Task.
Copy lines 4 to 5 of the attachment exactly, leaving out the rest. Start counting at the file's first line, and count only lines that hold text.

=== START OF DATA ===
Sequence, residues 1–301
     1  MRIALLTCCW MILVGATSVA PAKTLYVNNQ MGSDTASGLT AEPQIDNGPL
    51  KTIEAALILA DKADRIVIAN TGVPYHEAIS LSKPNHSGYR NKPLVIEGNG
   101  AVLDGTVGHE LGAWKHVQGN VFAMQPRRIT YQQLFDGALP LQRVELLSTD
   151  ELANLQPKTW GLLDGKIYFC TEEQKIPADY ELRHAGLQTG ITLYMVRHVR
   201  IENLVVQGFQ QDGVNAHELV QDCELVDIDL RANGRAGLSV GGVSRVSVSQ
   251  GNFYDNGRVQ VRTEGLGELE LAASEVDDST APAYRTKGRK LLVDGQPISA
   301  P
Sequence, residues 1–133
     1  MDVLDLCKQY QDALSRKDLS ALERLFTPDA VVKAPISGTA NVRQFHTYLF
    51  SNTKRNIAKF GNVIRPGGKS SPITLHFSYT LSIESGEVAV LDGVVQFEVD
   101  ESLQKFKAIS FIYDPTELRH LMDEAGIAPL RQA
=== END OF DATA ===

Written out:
   101  AVLDGTVGHE LGAWKHVQGN VFAMQPRRIT YQQLFDGALP LQRVELLSTD
   151  ELANLQPKTW GLLDGKIYFC TEEQKIPADY ELRHAGLQTG ITLYMVRHVR